What kind of self-denial is He talking about? Under this characteristic we need to deal with three issues:
Before we can properly deny ourselves we need to have a proper view of ourselves. People usually go to one of two extremes in their view of themselves. They either think too lowly or too highly of themselves.
Romans 12:3 is a good passage to launch this topic.
I went to an Exchanged Life conference a few months ago and it was very good. They dealt with the problem of having a proper self-identity. One of the speakers pointed out that we all have needs which need to be met. We perform deeds to try to meet those needs. As time progresses, we continue to do those deeds that worked for us and they become habits. After a time, those actions seem normal and we look at our deeds and begin to derive our self- identity from what we do. Some people have well adjusted flesh that seems to work well and usually have a fairly positive self-identity. Others have poorly adjusted flesh—maybe they are too passive, too violent, etc. Their flesh doesn’t work so well and they begin to have a negative self-image. What we need to do is have a self-image based on who we are in Christ. Our self-image is based on our relationship with God.
We might develop a study on the self-image to work through the different wrong attitudes that the disciple might have. Ask him questions that require him to describe his view of himself. When he identifies a characteristic that is too low or too high, we would take him to passages that show the balanced self-image.
Evaluation: Ask the disciple to evaluate his thoughts over the next week to see if he projects these wrong images and then help him think through the proper attitudes. Then move to the importance of self-denial and show him how he must deny himself in two ways: in relation to God and in relation to man.
We have discussed the flesh and how it is opposite of what God wants to do through us through the power of the Holy Spirit. It is important to understand our insatiable desire to control every aspect of our lives—both circumstances and other people. The disciple needs to turn control over to God and follow His leadership. Since God has proven His love for us and He is omniscient, omnipotent, etc., we need to deny ourselves and place ourselves under His will and submit to His authority.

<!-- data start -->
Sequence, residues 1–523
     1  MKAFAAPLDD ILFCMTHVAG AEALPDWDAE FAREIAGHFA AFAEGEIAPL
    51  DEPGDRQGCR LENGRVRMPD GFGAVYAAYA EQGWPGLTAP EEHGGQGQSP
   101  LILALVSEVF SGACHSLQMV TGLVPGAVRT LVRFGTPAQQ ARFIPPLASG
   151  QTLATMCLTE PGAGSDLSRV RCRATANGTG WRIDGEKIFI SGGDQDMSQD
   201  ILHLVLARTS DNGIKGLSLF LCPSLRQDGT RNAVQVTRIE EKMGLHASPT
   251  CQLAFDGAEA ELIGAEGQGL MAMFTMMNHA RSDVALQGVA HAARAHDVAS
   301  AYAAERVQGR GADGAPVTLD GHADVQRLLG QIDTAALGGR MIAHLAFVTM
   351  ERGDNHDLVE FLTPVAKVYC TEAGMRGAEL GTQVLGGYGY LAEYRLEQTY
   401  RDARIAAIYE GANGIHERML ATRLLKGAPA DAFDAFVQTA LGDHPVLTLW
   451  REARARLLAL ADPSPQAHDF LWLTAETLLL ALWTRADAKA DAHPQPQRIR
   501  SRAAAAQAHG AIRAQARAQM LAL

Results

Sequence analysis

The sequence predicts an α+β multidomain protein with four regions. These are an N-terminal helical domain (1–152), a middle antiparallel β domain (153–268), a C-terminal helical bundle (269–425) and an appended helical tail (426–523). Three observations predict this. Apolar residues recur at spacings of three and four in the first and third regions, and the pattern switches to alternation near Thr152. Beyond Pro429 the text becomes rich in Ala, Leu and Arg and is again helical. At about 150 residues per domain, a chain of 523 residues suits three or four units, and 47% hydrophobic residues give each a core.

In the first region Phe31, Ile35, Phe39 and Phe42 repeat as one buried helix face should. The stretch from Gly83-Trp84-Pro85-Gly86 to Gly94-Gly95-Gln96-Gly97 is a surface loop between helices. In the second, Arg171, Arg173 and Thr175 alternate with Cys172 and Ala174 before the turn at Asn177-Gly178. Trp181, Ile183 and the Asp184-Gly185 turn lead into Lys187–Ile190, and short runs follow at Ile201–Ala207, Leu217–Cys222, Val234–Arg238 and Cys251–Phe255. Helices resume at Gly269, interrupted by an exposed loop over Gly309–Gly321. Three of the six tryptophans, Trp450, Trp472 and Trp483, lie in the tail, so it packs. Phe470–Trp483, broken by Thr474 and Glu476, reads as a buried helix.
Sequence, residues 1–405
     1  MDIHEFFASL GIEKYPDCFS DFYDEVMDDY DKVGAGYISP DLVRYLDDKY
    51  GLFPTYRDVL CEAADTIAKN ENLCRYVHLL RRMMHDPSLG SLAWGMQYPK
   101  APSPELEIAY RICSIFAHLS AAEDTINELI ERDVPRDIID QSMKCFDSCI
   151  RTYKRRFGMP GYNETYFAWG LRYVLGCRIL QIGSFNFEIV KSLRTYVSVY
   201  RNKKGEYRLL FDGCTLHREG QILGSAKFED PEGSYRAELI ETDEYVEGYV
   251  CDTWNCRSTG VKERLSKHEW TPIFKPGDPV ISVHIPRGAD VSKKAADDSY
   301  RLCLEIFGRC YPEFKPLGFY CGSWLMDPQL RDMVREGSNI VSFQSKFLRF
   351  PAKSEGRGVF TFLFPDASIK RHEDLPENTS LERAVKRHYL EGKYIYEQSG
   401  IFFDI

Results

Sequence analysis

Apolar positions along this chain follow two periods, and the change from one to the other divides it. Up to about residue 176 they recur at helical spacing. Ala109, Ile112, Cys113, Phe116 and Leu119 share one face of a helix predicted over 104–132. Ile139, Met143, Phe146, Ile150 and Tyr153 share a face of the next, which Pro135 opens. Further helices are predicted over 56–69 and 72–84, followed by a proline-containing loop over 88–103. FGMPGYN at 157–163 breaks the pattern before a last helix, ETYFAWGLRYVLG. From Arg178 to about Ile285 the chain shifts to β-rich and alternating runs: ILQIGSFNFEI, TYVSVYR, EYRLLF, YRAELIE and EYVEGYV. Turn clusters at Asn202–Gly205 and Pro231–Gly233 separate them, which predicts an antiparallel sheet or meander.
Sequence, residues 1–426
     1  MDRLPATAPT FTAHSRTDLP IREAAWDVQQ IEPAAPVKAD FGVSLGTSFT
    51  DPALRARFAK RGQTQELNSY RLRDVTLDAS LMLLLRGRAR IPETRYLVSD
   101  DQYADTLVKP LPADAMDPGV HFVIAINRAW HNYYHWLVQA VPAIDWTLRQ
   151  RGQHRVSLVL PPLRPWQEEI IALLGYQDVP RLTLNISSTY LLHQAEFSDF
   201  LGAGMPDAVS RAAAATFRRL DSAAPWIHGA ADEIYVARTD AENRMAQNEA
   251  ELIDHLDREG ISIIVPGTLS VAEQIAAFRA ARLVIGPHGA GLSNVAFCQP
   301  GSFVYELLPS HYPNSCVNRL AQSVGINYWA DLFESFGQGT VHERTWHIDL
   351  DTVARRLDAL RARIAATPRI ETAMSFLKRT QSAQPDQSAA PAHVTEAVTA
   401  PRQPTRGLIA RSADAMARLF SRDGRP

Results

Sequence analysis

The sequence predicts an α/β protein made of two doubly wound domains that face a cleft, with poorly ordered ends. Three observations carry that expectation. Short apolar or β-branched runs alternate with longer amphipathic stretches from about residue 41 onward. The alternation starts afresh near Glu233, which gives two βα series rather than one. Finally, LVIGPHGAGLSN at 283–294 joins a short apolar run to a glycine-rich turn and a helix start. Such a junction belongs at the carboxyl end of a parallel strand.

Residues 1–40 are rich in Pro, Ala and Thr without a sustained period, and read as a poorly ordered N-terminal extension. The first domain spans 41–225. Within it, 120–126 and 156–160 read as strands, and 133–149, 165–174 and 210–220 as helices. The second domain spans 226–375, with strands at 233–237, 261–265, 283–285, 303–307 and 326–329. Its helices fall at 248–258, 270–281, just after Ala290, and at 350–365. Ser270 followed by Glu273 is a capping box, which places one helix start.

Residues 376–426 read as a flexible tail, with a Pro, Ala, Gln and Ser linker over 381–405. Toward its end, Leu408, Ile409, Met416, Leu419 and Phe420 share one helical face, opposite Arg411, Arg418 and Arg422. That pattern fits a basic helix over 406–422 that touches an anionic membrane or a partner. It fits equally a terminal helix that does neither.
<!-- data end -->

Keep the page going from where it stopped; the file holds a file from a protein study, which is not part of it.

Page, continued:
Evaluation: Ask the disciple if he is willing to stop trying to control his life, to trust God to provide for him and follow His leading. Ask him to evaluate whether or not he is too attached to the things of this world such as family, comforts, things, etc. How would he feel about going to the mission field, etc.? If we are not willing to go, then maybe we are too attached to our “stuff.”
Another way the flesh operates to control its surroundings is to try to control people. Although this really is part of surrendering control to God, how we deal with people is such a major area of our lives we need to treat it in great detail.
We naturally try to manipulate others to meet our own perceived needs and goals and to protect ourselves from pain.
There are several ways we can do this:
These are some of the ways that we manipulate and control others.
We talked about the flesh being opposite of the Spirit; well these traits are certainly opposite of the fruit of the Spirit mentioned in Galatians 5:22. We often hear people say, “I’m just a loner, or I’ve always been a perfectionist …” like it is okay, and as if it is supposed to excuse us. But it is not okay.
We need to learn to deny self, deny trying to control those around us, and stop trying to protect ourselves from those around us. When we stop doing these things mentioned above it will leave us vulnerable—but that is where God wants us. That is where He can use us the most. Read Romans 12. The whole chapter shows that we need to sacrifice ourselves for the good of the community so we can serve others. What does it mean to sacrifice?
This is a very misunderstood concept. Usually people think of sacrifice simply as servant-like acts of kindness. Although those are included, a person can be subservient and act like a doormat without engaging in relationship with others. People can also perform the “sacrificial” acts of a servant and have a martyr attitude which in reality causes bitterness or withdrawal into a shell. The reason for the sacrifice is so we can move into the lives of others to make an impact in their lives and help them grow. Jesus is the example. He came to earth to die for us so that we could have a relationship with Him. His sacrifice was the willingness to be rejected, to be hurt and to die for us so that He could sanctify us.